Supreme Court hears oral arguments on jurisdictional nature of statute of limitation rule
Supreme Court hears oral arguments on jurisdictional nature of statute of limitation rule

The US Supreme Court [Official website] heard oral arguments [transcript, PDF] Tuesday in Hamer v. Neighborhood Housing Services of Chicago [SCOTUSblog materials].

The case revolves around whether Federal Rule of Appellate Procedure 4(a)(5)(C) [text] is a jurisdictional rule or a non-jurisdictional rule. The rule states that a motion to extend the time to file a notice of appeal cannot be granted to extend the time in excess of 30 days after the prescribed deadline, or 14 days after the date of the motion.

The questioning from the Supreme Court Justices was heavily dominated by Justices Ruth Bader Ginsburg and Samuel Alito. Ginsburg’s comments generally appeared in support of the attorney representing Hamer who was arguing that the rule was non-jurisdictional. However, Alito’s line of questioning often challenged Hamer’s attorney.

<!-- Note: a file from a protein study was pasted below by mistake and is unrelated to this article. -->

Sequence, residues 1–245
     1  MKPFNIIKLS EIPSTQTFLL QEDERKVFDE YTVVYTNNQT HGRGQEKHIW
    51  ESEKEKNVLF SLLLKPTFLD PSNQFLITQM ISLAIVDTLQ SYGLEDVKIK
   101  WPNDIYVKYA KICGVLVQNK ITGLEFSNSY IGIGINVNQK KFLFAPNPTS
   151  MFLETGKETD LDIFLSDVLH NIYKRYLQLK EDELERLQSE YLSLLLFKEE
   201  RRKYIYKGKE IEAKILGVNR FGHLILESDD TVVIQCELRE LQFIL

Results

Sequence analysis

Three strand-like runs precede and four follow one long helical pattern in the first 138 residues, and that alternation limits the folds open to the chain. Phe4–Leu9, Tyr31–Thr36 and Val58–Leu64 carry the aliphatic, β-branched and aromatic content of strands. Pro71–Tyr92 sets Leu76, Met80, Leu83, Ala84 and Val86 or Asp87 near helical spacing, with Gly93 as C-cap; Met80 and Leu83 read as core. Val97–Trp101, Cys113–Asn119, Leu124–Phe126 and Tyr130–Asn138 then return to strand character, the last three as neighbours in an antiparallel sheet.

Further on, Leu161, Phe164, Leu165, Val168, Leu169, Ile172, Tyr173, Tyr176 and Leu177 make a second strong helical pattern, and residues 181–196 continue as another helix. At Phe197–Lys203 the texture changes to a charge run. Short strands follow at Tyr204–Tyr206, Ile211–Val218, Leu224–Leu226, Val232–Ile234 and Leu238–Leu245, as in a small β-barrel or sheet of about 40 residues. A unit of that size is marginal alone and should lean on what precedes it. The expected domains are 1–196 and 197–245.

A significant portion of the arguments on both sides covered the 1991 changes to 28 U.S.C. § 2107(c) which removed language from the statute which included the 30 day limit on extensions given in Rule Rule 4(a)(5)(C). Hamer’s attorney argued that the removal was part of many significant changes in the 1991 amendment which showed intent from Congress to remove the jurisdictionality of the 30 day limit on extensions. Neighborhood Housing Services of Chicago’s attorney argued that the silence in the congressional record on the remove of the limit showed that the removal from the statute was accidental and Congress intended the requirement to still be jurisdictional.